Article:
War on Terror

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War Against Terror

The September 11 2001 (9/11), terrorist attacks on the United States changed the perspective of the world towards terrorism especially the Al Qaeda. The world, in particular the major powers came to realize that the greatest threat they had in the 21st centaury was global terrorism and President Bush once said, “Al Qaeda is to terror what the Mafia is to crime” (George Bush, 2001,p.2). Just few days after September 11 2001, President Bush delivered a speech in which he declared that America was at war, a war to “find stop and defeat” every terror group of global reach (George Bush, 2001, p.5).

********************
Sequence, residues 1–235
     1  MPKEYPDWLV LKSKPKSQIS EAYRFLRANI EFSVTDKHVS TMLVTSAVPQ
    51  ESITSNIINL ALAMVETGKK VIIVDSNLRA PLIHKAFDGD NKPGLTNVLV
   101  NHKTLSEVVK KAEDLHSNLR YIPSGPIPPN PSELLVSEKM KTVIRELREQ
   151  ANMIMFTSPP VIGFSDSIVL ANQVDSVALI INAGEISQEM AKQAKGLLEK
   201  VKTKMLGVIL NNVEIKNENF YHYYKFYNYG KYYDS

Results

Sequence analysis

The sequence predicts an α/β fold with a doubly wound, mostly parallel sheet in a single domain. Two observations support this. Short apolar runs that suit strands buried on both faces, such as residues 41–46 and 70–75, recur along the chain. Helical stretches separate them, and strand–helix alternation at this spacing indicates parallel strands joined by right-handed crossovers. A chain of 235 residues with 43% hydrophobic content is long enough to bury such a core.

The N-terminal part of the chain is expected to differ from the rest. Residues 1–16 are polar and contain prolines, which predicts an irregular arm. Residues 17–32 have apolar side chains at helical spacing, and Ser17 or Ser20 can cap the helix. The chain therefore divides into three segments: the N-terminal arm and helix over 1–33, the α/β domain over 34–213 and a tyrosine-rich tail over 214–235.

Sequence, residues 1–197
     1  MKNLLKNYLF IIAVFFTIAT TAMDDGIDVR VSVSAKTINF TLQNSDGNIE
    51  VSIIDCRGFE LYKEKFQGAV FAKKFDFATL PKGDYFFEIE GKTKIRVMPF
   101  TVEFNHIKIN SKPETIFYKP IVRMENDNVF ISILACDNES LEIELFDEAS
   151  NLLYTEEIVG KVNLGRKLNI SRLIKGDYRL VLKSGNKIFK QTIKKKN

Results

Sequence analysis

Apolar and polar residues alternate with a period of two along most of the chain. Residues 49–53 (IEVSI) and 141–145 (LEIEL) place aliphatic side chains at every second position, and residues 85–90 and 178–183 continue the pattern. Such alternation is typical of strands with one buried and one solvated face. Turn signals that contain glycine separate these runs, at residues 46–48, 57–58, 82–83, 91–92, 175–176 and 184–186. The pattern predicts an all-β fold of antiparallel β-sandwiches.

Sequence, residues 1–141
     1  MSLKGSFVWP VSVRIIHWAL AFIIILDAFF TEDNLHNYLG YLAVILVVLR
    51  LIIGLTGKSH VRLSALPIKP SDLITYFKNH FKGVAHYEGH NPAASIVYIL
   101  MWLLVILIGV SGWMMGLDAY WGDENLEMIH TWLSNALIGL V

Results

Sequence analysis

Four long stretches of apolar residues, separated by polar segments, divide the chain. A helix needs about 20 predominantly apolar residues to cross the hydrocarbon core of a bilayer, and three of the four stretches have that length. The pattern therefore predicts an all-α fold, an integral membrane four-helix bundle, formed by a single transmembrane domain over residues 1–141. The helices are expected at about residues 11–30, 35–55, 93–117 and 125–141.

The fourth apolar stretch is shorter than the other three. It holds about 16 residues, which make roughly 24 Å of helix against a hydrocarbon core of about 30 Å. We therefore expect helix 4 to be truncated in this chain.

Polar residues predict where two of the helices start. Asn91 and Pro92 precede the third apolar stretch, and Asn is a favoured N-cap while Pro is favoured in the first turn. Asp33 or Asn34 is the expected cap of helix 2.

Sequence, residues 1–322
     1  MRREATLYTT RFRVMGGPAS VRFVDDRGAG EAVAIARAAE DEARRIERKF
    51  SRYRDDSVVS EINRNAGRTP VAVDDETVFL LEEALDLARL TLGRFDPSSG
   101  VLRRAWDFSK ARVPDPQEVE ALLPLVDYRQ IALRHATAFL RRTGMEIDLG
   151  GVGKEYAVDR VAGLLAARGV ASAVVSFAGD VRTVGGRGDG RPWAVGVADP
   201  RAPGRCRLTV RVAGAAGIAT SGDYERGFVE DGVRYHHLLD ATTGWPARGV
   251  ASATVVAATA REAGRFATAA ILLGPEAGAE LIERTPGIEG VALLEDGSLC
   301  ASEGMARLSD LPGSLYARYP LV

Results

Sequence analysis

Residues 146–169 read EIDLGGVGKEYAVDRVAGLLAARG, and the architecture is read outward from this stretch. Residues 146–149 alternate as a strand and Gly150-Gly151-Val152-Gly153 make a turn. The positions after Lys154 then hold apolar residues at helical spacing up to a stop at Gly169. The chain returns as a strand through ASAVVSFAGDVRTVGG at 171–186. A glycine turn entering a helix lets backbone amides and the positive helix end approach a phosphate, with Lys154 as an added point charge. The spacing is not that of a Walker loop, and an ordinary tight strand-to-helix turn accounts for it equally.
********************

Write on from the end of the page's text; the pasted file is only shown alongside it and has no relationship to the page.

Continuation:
On October 7 2001, the USA and UK launched a joint attack on Afghanistan, to overthrow the oppressive Taliban government and to destroy the Al Qaeda’s stronghold in the nation, and by 2011, 49 nations, including Australia had sent more than 140,000 soldiers into Afghanistan (Rogers Simon and Lisa Evans, 2009). The second phase of the ‘War on Terror” took the USA and its allies to Iraq, where they had suspected the Saddam Hussein led government was creating weapons of mass destruction (WMD) and was cooperating with the Al Qaeda to launch attacks on USA and its allies. On March 20 2003, the USA, UK and their allies launched an invasion of Iraq without the consent of the UN (Ewen MacAskill, and Julian Borger, 2004). The invasion eventually led to the capture and execution of Saddam Hussein. However, no evidence was found of the Saddam regime creating WMD or collaborating with the Al Qaeda to cause damage to the West (Pincus Walter and Dana Milbank, 2004). The wars in Afghanistan and Iraq have come at great costs with over 13,009 civilians loosing their lives in Afghanistan and over $ 1.7 trillion being spent by the USA alone in Afghanistan over the past decade fighting the Taliban and the Al Qaeda (Amy Bingham, 2012). In Iraq over 106,348 civilian people have lost their lives and over $ 800 billion have been spent. Further, thousands of soldiers have either been killed or fatally wounded (Amy Bingham, 2012). Currently, all foreign troops have been withdrawn form Iraq and the same is expected to happen in Afghanistan by the end of 2014. However, the scars of war still remain in Iraq and Afghanistan. Today, Iraq is a torn nation with Iraqi citizens fighting amongst each other. The Iraqi Al Qaeda, which was established after the invasion in 2003 to fight foreign armies, has grown in size and stature. Just last week the Al Qaeda claimed responsibility for bomb attacks, which swept through Bagdad, in which more than 50 people were killed (BBC, 2013). The Prime Minister of Iraq later stated that the Al Qaeda were “trying to provoke a sectarian civil war,” between Shia and Sunni Muslims to destabilize the country and establish themselves as the major force in the country (BBC, 2013). Afghanistan too is in a fragile position, the once defeated Taliban has regained its confidence and has started to gain some of the power and land it lost during the USA led invasion in 2001. Across the boarder form Afghanistan; Pakistan has become a state with great uncertainty as terrorist groups linked with the Al Qaeda have caused great social and political unrest (Sohail Ahmed, 2010). At the 11th memorial service of 9/11, President Obama stated that “Al Qaeda’s leadership has been devastated, and Osama bin Laden will never threaten us again. (Mary Bruce, 2012) ” Yet on the same day, the Al Qaeda, attacked the American Embassy in Libya, in which four people including the US Ambassador Christopher Stevens were killed (ALAN McLEAN, SERGIO PEÇANHA, ARCHIE TSE and LISA WAANANEN, 2012). Simon Jenkins, a writer for the Guardian, in the UK states that the response to the 9/11 attacks was just what Osama Bin Laden was dreaming about, because it gave him the opportunity to show case his belief. That the West is against the Muslim world and that the USA is the “the great Satan” (Simon Jenkins, 2011). This belief is also reiterated by...
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